We spent most of 2020 hoping for just one effective COVID-19 vaccine to be produced, as we could only practise social distancing and avoid travelling for so long.
Now, we have more vaccines than we can count on our hands.
It’s quite a remarkable scientific feat, given how long vaccines usually take to be developed.
What’s more, Health Minister Gan Kim Yong said last month that Singapore has secured enough vaccines for all citizens, PRs and long-term residents, with supplies due to arrive by the third quarter of this year.
Now, another vaccine has arrived, and it’s one the authorities haven’t even approved yet.
China’s Sinovac COVID-19 Vaccine Arrives in S’pore But It’s Not Approved for Use Yet
The first shipment of China’s Sinovac vaccine arrived on Singapore’s shores on Tuesday (23 Feb), the third COVID-19 vaccine to make its way to the country.
However, the vaccine has not yet been authorised for use, as Sinovac has only just started submitting initial data to the Health Sciences Authority (HSA), the Ministry of Health (MOH) said.
Once all the necessary information about the vaccine is submitted, HSA will conduct a scientific assessment of the manufacturing process, safety, and efficacy of the vaccine.
One requirement that vaccine makers have to meet is monitoring the longer-term efficacy of vaccines to determine the duration of protection against COVID-19.
Another condition is that they follow up on the safety of their vaccines for a longer period of time, in order to determine its full safety profile.
Uses More Traditional Vaccine Method
Both vaccines tapped on new technology called mRNA to make their vaccines. This involves injecting part of the coronavirus’ genetic code into the body, triggering the body to produce viral proteins, but not the whole virus. This will train the immune system to attack the virus.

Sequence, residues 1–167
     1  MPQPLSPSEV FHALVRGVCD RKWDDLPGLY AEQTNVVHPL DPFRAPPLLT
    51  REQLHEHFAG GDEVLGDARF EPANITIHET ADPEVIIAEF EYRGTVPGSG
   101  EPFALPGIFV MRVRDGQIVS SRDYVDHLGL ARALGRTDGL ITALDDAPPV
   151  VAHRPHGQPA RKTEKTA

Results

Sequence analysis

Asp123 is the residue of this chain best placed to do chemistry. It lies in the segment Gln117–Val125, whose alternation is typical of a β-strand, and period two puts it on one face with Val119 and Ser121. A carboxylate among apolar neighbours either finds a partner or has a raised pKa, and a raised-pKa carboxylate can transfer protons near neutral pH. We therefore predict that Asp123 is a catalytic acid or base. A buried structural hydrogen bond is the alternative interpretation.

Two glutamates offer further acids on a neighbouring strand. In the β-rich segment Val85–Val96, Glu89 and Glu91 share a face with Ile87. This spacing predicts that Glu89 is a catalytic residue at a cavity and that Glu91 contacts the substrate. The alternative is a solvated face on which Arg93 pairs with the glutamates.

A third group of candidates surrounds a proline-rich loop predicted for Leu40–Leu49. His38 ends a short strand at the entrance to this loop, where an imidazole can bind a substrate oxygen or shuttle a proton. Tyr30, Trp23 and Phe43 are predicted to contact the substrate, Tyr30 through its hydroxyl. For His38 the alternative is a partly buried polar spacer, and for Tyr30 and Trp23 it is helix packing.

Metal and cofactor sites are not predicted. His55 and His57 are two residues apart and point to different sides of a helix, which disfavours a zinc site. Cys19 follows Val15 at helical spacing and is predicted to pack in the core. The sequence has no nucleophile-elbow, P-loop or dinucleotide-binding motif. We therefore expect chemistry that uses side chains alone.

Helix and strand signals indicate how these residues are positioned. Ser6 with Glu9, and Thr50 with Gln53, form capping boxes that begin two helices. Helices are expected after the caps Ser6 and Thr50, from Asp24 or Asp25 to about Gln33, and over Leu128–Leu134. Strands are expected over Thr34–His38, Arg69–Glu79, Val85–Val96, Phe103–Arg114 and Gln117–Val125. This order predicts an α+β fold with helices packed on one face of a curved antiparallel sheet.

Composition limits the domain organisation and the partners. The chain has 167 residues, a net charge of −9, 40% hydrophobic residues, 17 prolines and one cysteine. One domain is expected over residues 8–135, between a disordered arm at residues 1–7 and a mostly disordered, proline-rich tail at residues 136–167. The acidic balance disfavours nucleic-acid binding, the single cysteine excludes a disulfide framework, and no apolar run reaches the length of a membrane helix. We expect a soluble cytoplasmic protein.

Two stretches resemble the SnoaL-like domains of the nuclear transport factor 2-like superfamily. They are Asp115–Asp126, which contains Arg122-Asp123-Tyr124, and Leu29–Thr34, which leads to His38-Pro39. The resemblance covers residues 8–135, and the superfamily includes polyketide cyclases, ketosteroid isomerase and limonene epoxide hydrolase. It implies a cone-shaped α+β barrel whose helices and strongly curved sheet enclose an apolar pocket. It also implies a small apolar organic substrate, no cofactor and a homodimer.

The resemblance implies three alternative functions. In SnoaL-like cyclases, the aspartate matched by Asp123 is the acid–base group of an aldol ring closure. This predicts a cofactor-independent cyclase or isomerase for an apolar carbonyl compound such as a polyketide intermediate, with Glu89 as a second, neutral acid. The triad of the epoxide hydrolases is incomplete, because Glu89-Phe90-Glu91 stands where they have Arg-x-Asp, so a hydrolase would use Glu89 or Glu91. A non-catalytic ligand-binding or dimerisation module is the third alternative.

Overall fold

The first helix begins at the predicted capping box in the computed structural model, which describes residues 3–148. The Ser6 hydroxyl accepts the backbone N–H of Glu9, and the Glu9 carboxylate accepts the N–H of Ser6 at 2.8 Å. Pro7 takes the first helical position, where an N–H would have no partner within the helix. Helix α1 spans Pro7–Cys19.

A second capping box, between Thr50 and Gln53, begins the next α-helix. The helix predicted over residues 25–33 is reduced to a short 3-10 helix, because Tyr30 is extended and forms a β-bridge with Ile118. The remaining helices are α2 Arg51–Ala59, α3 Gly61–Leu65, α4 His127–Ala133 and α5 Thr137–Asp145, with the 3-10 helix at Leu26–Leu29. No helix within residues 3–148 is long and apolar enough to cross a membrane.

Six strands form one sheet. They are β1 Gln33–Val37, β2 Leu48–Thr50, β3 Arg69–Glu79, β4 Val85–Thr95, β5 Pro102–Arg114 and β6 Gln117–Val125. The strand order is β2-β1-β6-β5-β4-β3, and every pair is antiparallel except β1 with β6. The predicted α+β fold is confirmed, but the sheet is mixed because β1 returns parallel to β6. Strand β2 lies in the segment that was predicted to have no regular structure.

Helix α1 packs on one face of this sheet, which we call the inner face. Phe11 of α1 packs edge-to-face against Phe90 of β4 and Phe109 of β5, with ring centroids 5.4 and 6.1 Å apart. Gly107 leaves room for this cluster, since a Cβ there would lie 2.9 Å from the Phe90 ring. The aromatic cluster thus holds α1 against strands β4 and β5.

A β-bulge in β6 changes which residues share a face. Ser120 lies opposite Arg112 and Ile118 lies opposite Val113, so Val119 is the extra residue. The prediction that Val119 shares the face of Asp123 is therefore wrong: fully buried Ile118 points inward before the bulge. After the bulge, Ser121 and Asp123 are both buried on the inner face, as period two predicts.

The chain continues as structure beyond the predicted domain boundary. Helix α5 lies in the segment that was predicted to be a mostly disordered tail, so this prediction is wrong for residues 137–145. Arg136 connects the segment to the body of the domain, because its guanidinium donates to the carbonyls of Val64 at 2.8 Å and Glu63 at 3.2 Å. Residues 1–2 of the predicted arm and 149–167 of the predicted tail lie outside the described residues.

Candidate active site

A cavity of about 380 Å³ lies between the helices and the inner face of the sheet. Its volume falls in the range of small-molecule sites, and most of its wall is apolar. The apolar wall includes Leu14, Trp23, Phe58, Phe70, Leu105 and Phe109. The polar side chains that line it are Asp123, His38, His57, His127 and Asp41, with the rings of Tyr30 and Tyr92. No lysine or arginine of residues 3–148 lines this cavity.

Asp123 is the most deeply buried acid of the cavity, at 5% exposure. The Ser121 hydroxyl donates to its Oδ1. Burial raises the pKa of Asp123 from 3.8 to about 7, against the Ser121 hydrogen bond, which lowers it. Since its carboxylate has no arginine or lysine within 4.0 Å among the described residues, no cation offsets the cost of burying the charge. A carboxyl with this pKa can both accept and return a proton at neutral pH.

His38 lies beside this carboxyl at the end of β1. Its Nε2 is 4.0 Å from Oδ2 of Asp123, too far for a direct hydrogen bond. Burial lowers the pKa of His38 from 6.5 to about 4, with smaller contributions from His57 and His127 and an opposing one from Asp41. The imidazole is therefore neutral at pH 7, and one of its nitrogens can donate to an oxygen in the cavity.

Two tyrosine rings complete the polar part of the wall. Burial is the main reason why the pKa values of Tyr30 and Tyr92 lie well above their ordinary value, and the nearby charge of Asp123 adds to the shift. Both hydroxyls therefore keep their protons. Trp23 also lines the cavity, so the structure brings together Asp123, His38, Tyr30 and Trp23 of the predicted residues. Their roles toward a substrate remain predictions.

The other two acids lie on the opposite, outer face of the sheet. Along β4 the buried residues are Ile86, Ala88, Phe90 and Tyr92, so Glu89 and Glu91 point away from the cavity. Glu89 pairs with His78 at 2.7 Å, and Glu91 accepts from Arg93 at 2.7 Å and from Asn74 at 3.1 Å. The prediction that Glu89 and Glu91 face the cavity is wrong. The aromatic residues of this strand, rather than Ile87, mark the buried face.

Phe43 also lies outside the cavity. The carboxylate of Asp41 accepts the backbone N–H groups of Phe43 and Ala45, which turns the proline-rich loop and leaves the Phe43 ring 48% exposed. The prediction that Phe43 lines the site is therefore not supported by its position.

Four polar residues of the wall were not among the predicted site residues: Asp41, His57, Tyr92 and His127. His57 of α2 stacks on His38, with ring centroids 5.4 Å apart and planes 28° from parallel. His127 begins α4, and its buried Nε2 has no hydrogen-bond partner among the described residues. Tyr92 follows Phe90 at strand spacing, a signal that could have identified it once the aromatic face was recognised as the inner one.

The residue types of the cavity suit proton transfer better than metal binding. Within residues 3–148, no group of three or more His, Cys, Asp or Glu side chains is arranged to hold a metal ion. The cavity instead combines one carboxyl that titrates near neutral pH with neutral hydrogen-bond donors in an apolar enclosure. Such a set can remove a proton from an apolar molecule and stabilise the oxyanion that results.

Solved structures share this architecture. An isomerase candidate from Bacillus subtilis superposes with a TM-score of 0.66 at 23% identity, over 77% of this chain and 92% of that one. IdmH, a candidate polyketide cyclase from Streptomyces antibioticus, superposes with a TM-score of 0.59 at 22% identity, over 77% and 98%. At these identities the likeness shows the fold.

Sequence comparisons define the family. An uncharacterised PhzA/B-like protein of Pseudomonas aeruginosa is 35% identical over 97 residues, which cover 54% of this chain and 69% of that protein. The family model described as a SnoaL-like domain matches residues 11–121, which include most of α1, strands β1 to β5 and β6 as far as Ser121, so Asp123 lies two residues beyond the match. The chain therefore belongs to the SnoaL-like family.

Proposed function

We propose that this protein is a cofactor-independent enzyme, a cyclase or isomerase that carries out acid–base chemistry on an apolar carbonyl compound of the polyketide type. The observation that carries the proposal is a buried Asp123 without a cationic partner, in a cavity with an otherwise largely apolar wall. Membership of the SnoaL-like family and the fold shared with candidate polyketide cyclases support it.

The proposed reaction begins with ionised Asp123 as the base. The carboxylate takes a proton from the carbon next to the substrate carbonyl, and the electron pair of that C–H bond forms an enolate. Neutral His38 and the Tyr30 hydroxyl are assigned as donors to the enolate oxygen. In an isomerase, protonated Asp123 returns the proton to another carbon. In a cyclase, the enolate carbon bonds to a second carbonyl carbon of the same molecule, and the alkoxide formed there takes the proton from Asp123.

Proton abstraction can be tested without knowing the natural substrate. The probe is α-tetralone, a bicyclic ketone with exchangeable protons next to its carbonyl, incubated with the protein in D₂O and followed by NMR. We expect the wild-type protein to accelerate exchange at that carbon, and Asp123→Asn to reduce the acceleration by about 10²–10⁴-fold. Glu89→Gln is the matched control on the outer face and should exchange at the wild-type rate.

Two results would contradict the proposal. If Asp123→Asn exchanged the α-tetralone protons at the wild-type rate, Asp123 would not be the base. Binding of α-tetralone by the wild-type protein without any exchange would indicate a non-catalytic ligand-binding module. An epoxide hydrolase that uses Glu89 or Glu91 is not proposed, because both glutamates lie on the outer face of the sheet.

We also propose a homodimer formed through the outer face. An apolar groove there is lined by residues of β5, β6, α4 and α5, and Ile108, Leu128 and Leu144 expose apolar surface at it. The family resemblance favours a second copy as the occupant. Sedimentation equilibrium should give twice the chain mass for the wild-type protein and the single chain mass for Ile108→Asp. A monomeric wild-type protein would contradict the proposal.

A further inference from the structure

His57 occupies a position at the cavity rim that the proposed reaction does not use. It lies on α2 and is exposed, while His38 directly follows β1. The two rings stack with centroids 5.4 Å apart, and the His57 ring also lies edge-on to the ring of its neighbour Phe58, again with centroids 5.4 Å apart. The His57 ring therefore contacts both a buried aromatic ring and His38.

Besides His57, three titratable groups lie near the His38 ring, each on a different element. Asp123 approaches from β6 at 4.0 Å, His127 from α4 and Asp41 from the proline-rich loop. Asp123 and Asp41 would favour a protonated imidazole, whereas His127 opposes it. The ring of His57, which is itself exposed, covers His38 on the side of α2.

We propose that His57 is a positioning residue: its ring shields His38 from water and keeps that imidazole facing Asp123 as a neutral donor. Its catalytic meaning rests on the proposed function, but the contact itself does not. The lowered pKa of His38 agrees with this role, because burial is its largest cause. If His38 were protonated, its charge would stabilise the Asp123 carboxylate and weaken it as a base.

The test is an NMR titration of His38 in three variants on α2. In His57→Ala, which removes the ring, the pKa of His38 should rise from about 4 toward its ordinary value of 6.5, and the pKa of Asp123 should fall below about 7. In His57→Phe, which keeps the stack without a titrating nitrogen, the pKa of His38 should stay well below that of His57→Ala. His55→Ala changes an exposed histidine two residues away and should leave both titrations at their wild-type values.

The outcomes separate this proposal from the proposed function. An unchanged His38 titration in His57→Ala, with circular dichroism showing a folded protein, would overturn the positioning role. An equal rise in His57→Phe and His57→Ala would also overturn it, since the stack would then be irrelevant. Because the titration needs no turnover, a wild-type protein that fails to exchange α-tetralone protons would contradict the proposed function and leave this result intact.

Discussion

Conversely, Sinovac’s vaccine uses a more traditional inactivated vaccine, which works by using killed viral particles to expose the body’s immune system to the virus without triggering a serious disease response.
This type of vaccine has been used to inoculate people against polio.
An advantage of using Sinovac’s vaccine is that it can be stored in a standard refrigerator at 2-8°C.
On the other hand, Moderna’s vaccine needs to be stored at -20°C and Pfizer-BioNTech’s vaccine at -70°C.
Bilateral Relations Sets Fine Example For Other Countries
On its website, the Chinese embassy said both countries have helped each other during the COVID-19 pandemic, setting a fine example for cooperation against the virus among countries.
“China will continue to work with Singapore to enhance cooperation on vaccine and epidemic control, build a global community of health for all, and win the final victory in the fight against the epidemic,” it wrote.
The authorities recently announced that all Singapore residents will likely be offered the vaccine from April, once seniors have been inoculated.
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